Whether Berlin, Rome or Madrid: exit restrictions apply everywhere to limit the spread of the coronavirus.
Many politicians are also infected or waiting for test results. Governance in times of home office and social distance – how does that work? A look behind the scenes in a TEH survey:
Chancellor Angela Merkel made headlines in Berlin with her home quarantine. The CDU politician recently reported from her home office that she was “very, very busy”. She spends a lot of time in video conferencing and telephone switching. “Still, I’m missing a little bit that I can’t attend the cabinet meetings in person, for example, that I don’t see the people then, or that I don’t have any personal contact now.” In the meantime, no infection was found even on her third test. Nevertheless, Merkel wants to continue to do business from her home quarantine in the next few days.
In the country particularly affected by the pandemic, Attilio Fontana (68), regional president of Lombardy, was the first political celebrity to put himself in isolation. In February, a few days after the outbreak became known in his region in the north of the country. He had worked closely with a corona infected. A first test with the politician of the right Lega had given him the all-clear. However, he became a role model because he gave interviews from the quarantine with a face mask several times. Other politicians and experts later did the same – their home office TV pictures became style-defining in Italy.
Pope Francis kept withdrawing from the public during the Corona crisis. In early March, the Vatican replaced the 83-year-old’s larger appearances with video messages. He lives behind the thick walls of the Vatican in the Santa Marta residence. But that’s not a real quarantine. The pontiff continues to receive individual visitors for audiences. In the photo, you can see him without a face mask, and there are reports that he also shakes hands with guests – even though he belongs to the high-risk group due to his age. In mid-March, he even walked the empty streets of Rome and prayed in two churches for an end to the pandemic.
In Spain, numerous top politicians have tested positive for the coronavirus, including several members of the cabinet of Prime Minister Pedro Sánchez. Sánchez himself has been criticized several times by the media because he calls for social distance but does not exercise much caution himself. Newspapers have assured that he has never appeared in public with a protective mask and is getting dangerously close to his employees at the Palacio de la Moncloa seat of government. His wife María Begoña Gómez (45) is infected himself. It is not known to what extent the socialist is keeping a distance from his wife these days.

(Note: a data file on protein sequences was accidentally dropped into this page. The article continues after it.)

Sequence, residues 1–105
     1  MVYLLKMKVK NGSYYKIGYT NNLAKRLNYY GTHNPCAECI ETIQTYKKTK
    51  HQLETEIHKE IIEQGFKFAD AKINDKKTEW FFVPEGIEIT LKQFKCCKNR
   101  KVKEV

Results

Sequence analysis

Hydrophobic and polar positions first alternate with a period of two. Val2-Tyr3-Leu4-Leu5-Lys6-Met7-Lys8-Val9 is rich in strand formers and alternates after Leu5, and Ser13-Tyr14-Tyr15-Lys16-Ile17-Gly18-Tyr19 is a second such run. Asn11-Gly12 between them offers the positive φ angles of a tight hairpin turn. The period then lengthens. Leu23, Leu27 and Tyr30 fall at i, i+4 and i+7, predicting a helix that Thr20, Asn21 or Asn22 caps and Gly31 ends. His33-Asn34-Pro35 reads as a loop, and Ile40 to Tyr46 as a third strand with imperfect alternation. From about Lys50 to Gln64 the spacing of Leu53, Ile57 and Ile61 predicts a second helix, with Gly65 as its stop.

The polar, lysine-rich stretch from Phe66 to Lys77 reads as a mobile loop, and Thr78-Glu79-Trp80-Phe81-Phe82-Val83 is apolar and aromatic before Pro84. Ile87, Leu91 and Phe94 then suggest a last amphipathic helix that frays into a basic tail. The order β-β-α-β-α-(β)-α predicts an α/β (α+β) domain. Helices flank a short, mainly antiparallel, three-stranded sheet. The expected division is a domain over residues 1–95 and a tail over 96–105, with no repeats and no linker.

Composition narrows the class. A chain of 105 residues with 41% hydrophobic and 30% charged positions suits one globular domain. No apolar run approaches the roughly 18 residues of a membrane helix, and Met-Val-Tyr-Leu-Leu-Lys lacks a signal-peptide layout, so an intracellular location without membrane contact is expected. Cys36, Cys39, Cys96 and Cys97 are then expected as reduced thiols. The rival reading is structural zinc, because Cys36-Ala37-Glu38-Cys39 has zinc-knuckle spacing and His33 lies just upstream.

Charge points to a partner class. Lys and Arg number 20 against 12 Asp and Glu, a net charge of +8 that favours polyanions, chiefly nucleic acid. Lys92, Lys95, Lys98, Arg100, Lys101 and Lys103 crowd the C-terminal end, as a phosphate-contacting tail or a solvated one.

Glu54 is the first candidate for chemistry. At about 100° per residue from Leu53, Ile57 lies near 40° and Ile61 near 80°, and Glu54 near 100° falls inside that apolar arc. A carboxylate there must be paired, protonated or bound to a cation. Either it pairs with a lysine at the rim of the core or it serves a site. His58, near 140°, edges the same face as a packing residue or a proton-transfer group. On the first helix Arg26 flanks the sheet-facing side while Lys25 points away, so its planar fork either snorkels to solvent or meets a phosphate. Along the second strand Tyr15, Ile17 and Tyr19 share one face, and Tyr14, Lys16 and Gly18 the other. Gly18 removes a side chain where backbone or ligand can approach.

British Prime Minister Boris Johnson was forced to withdraw into domestic isolation after testing positive for the coronavirus. He also has to stay away from his pregnant fiancee Carrie Symonds. He is in his apartment on Downing Street. As reported by the British media, meals are put outside his door and government documents are also stored there. Johnson is optimistic: “There is no doubt that thanks to the marvels of modern technology, I will be able to communicate with my entire top team to lead the fight against Covid-19,” the prime minister said in a video message.
Donald Trump recently signed the third aid package in the Oval Office of the White House – surrounded by 15 cabinet members, advisers, members of Congress and senators who stood close together around the US President. Trump’s guidelines on coronavirus containment avoid overcrowding of more than ten people. CNN journalist Jim Acosta scoffed on Twitter: “Social distance? Not when the economic law is signed in the Oval Office.”
Russian President Vladimir Putin is in the home office in his suburban residence Nowo-Ogarjowo – but without speaking of quarantine. From there he does the video switching – and rules digitally. He sent all of Russia on a week-long vacation this week.
But many criticized that he did not impose curfews and no contacts at the same time. In the meantime, the Russian capital Moscow and some other regions have introduced at least extensive exit restrictions.
As in Norway, strict corona measures apply in Denmark. Prime Minister Mette Frederiksen, who acted particularly intensively against the pandemic early on, encourages herself and others: “Every day I try to start the day with a little fresh air for body and mind,” she wrote recently about a selfie of herself in front of one See on Facebook. “I know how much this time demands from you. Thank you for your great commitment. We stick together – everyone for himself, “she added.
Much of the Riga cabinet is self-isolating, including Prime Minister Krisjanis Karins. In an interview, he gave an insight into his daily routine. “In the morning I was very happy, I spent almost 40 minutes outside in the garden. Wonderful weather! My God, how beautiful the sun was shining. I walked a little through the garden, breathed fresh air … “, he told the Latvian private broadcaster SWH. Despite “working from home”, Karins always shows herself wearing a suit and tie when online.
When asked if he wasn’t at least sitting around in front of the computer in sweatpants, he replied that he would feel uncomfortable.
Prime Minister Ludovic Orban was in isolation in a guest mansion of the government for eleven days until March 24th. He only left his home office in the middle of the month to take the oath of office with the new government. Amazingly, there were no pictures of it. However, the Presidential Office explained in great detail that all the ministers, Orban and President Klaus Iohannis present there had worn masks and gloves.
The ballpoint pens with which the ministers signed their official oath were thrown away after one use. All objects that they touched during the oath of office – including the Bible on which they had to put their hands – were disinfected after each oath.